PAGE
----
6. Garrison Matthews
11.9 PPG, 3.3 REB, 62.0 TS%
Garrison Matthews is most likely a name that isn't familiar to most NBA fans. The third year guard for the Rockets should be on everyone's radar. Matthews is a constant threat to knock down the deep ball. Like the NBA 2K badge ‘deep range deadeye’ Matthews is unfazed by closing out defenders. There are stretches when Matthews gets hot and the tape looks eerily similar to that of Klay Thompson on offense. Sitting top 20 in the league for TS%, Matthews has earned the title of knockdown shooter.
7. Ricky Rubio
12.6 PPG, 6.5 AST, 3.9 REB
After bouncing around the league the last couple of years, Ricky Rubio finds himself calling Cleveland home for the season. Expectations were high for Rubio on draft night, as he was taken two selections before Steph Curry. Though Rubio never lived up to that hype, he did find his role in the league as a bench general. When the Cavs need to go to the bench for inspiration, Rubio is the first man up. Rubio is amongst the best passers in the league, especially in transition which has helped put the Cavaliers in the top 10 for assists.
8. Grayson Allen
12.7 PPG, 3.6 REB, 40.7 3PT%
Grayson Allen was one of the most scrutinized NCAA basketball players in recent memory, and many are quick to dismiss him because of this. Allen however has been a great fit for the Bucks this season serving a next man up role amongst various injuries and positive covid cases. Serving a perimeter role on offense Allen can be found roaming the perimeter most possessions. He is a constant threat to knock down the three shooting 40.7% from distance on seven attempts a game. Allen may be hated for his time at Duke, but there is no denying that he can make an impact at the NBA level.
9. Desmond Bane
16.2 PPG, 4.4 REB, 2.3 AST
With Ja Morant sidelined due to injury, the Grizzlies needed someone to step up. They got all that and more in second year guard Desmond Bane. Nearly doubling his scoring average from last year, Bane has been a key scoring threat for the Grizzlies. Unlike many other players on this list, Bane is an excellent scorer and shooter off-the-dribble. With combination of hesitations and quick step-backs, his bag runs deep. The Grizzlies have an exciting young core and Bane will be a highlight of that for years to come.
10. Alec Burks
New York Knicks
11.4 PPG, 3.7 REB, 1.2 STL
The Knicks had a hot start this season but have cooled off as of late. A bright spot, however, has been Alec Burks. After a few years playing for multiple different franchises, Burks finds himself settled in New York. A great pull-up shooter combined with excellent finishing ability, Burks has the ability to score from anywhere on the floor. He also has a huge impact defensively, actively pursuing the passing lanes and causing deflections. Burks doesn’t truly get the credit he deserves for keeping the Knicks afloat.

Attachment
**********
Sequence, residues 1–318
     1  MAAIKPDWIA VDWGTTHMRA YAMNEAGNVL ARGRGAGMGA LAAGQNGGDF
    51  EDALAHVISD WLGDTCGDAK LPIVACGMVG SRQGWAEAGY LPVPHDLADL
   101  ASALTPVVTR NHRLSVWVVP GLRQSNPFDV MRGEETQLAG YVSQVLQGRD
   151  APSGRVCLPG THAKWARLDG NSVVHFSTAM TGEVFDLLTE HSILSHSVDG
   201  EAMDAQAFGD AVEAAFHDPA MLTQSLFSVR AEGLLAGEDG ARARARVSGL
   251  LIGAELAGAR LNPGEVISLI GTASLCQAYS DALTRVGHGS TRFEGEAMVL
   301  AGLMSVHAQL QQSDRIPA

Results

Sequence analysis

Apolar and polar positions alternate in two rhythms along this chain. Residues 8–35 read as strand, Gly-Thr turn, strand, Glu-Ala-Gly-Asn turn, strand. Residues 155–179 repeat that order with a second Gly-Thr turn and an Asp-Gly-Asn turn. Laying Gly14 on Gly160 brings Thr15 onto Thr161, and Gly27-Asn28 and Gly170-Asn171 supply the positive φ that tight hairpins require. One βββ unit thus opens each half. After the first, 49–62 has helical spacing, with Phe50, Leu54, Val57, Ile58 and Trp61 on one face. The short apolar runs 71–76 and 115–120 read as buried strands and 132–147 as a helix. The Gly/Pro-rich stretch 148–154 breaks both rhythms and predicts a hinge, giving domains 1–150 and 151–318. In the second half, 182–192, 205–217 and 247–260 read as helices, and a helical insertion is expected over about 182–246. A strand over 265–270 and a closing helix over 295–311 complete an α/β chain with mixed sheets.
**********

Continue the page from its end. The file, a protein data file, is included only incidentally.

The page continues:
11. JaVale McGee
10.3 PPG, 7.5 REB, 65.8 TS%
After largely being a joke earlier in his career, JaVale McGee— a.k.a Tragic Bronson— is now a key contributor to the Phoenix Suns. When Dario Saric fell to injury in the finals last season, the Suns knew they had to fill the hole of back-up center. McGee was brought in for that role and has fit perfectly. It’s fair to say at this point in his career, McGee has championship DNA. His ability to play for quick stretches and allow Deandre Ayton to rest will be pivotal to how far they go in the playoffs. One thing is for sure, the McGee signing was one of the best this off-season.
12. Isaiah Hartenstein
Los Angeles Clippers
7.7 PPG, 4.7 REB, 1.9 AST
Look at the leaderboards for any of the best advanced stats and you’ll see a lot of the same names: Stephen Curry, Nikola Jokic, Jimmy Butler, Lebron James—and Isaiah Hartenstein. After spending most of his first three seasons floating around the NBA’s fringes, the 23 year-old German big man has emerged as an integral part of the Clippers’ rotation. While his counting stats are fairly modest, they belie his true impact. He’s a clever passer who conducts offense from the elbows, a deft finisher who ranks in the 91st percentile as a pick-and-roll finisher, and a heady rim protector who patrols the backline for the NBA’s fourth-best defense.